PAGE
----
Institutes of higher learning will offer courses to graduates to boost employability during Covid-19 pandemic

Encouraging graduates to choose courses that could stretch their versatility, Mr Ong said.
Encouraging graduates to choose courses that could stretch their versatility, Mr Ong said.PHOTO: ST FILE

SINGAPORE - Graduates from the Institute of Technical Education (ITE), polytechnics and universities will soon be able to apply for new courses that offer additional professional certificates - advanced diploma certificates, post-diploma certificates or postgraduate certificates.

ITE will launch about 250 courses, while polytechnics and universities will offer about 100 courses each, Education Minister Ong Ye Kung said during a radio interview on Thursday (June 11).

Registration and admission will begin this month (June) and could stretch to August, he added. The courses will run for about three to six months.

Encouraging graduates to choose courses that could "stretch their versatility", Mr Ong said: "For example, if I am an arts graduate, I may want to do something in IT, because to know arts and IT - that is something interesting. If you are an engineer, maybe do something in writing, communications, or learn a third language even."

The minister was speaking about options available for graduates seeking jobs this year during the Covid-19 pandemic.

Graduating students entering the job market during a recession can have two different reactions, he said.

"One is, you will say, 'Why am I so suay (Hokkien for unlucky)?'

"But there is another way to look at it, which is that this is actually an opportunity. We know now learning is for life, and you don't have to have one path or course in university, poly or ITE, and then pursue that one career throughout your life without any change. We know that is no longer possible. A career will be full of twists and turns and you have to constantly learn and re-learn.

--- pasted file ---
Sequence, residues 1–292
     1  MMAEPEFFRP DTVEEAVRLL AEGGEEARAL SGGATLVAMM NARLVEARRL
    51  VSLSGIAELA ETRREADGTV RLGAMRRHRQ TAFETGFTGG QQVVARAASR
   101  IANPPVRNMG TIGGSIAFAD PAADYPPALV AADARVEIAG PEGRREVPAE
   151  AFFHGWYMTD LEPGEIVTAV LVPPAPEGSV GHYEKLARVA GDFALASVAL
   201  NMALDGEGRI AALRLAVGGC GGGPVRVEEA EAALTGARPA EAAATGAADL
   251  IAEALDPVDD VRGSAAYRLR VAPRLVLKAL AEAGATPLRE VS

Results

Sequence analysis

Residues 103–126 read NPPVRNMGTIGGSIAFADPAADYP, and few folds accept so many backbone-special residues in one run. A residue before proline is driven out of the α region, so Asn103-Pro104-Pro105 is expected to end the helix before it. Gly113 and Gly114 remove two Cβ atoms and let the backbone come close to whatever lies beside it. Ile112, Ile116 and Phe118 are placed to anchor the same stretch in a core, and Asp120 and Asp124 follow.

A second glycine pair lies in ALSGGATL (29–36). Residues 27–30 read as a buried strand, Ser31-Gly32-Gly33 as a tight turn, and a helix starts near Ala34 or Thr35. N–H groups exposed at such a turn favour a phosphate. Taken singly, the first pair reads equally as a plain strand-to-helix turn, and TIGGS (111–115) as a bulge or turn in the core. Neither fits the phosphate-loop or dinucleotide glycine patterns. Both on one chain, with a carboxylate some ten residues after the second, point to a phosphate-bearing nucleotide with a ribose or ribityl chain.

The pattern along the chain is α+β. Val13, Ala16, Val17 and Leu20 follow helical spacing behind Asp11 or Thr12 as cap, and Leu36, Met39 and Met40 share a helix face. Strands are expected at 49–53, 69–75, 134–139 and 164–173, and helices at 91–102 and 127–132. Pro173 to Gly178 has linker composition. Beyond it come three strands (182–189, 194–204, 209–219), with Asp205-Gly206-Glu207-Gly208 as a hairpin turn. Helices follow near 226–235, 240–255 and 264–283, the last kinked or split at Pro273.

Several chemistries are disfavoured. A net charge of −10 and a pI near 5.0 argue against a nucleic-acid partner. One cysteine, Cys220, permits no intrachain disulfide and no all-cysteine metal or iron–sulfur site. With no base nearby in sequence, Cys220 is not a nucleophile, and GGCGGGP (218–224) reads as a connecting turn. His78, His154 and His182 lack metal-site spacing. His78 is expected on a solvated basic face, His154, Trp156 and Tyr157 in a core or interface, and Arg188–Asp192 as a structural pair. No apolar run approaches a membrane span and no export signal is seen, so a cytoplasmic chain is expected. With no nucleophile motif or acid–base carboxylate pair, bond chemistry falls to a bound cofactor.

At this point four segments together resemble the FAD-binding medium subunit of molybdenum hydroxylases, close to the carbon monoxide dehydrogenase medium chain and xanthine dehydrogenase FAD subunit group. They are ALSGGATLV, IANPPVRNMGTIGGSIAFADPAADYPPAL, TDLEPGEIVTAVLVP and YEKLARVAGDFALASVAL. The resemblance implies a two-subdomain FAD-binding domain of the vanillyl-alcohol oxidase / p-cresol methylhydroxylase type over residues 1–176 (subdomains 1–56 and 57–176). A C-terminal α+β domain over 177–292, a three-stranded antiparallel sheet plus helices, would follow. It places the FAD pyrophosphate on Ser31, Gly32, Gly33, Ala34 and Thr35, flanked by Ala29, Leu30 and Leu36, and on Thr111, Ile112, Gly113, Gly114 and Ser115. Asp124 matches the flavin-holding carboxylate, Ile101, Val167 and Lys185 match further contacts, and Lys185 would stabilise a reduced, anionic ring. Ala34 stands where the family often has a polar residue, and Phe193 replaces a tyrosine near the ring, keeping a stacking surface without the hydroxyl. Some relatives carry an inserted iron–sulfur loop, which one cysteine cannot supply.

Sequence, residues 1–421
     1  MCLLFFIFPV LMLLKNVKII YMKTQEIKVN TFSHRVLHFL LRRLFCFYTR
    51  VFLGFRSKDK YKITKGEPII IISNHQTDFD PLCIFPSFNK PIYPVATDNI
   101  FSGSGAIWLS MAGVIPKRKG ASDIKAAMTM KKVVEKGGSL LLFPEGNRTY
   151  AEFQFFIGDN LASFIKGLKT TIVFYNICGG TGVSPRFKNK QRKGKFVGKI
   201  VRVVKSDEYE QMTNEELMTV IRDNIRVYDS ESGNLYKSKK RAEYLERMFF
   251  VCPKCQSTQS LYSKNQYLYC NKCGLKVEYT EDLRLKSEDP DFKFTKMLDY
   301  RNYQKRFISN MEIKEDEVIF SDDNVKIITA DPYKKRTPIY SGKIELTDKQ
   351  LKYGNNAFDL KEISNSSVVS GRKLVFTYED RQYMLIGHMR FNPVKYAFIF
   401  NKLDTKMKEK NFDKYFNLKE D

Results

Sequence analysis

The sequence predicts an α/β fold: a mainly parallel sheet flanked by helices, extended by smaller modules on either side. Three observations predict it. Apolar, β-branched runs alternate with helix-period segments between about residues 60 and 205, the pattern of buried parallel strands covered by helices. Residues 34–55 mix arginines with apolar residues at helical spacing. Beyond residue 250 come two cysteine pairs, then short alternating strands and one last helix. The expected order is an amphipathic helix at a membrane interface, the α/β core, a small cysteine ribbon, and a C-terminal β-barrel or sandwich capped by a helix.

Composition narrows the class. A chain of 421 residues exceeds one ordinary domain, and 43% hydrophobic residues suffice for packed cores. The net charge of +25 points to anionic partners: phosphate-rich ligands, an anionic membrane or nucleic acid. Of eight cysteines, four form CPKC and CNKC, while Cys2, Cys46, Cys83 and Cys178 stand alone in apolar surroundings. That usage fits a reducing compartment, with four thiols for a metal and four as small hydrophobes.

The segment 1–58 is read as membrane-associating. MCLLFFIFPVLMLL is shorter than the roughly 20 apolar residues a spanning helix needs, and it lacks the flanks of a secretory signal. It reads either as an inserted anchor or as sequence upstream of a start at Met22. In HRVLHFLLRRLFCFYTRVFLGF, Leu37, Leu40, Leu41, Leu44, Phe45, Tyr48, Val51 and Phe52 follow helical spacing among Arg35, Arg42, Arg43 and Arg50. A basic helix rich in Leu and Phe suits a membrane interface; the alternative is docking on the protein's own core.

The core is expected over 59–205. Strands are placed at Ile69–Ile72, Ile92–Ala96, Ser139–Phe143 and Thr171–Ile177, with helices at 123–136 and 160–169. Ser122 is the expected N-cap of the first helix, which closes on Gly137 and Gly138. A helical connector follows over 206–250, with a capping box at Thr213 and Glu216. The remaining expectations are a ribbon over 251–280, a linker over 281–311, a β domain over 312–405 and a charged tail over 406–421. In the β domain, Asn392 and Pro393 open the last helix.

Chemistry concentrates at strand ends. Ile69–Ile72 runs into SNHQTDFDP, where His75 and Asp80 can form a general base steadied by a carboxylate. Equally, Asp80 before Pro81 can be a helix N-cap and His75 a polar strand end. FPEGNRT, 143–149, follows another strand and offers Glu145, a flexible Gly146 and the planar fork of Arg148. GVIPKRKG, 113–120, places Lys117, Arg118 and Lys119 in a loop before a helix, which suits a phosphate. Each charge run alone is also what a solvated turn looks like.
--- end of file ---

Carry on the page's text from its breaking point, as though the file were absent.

"What is very important, is whatever you learn must form your human capital, your personal skills base, and you keep on adding to it. That I think is the mindset that is most needed now for all our graduates."

 
 
 
 

When future employers ask graduates what they were doing in 2020, the year of the coronavirus pandemic, they should "have a good story to tell", said Mr Ong.

Be it taking up extra courses, doing volunteer work and helping those in need, or even becoming a swabber and contributing to the fight against Covid-19, these are valuable learning opportunities that will count, he added.

Various measures and programmes have been rolled out for graduating students unable to find a job this year.

Among these are the SG United Traineeships programme, under which paid placements will be available, including at local universities and start-ups; as well as free continuing education and training modules offered by the six autonomous universities.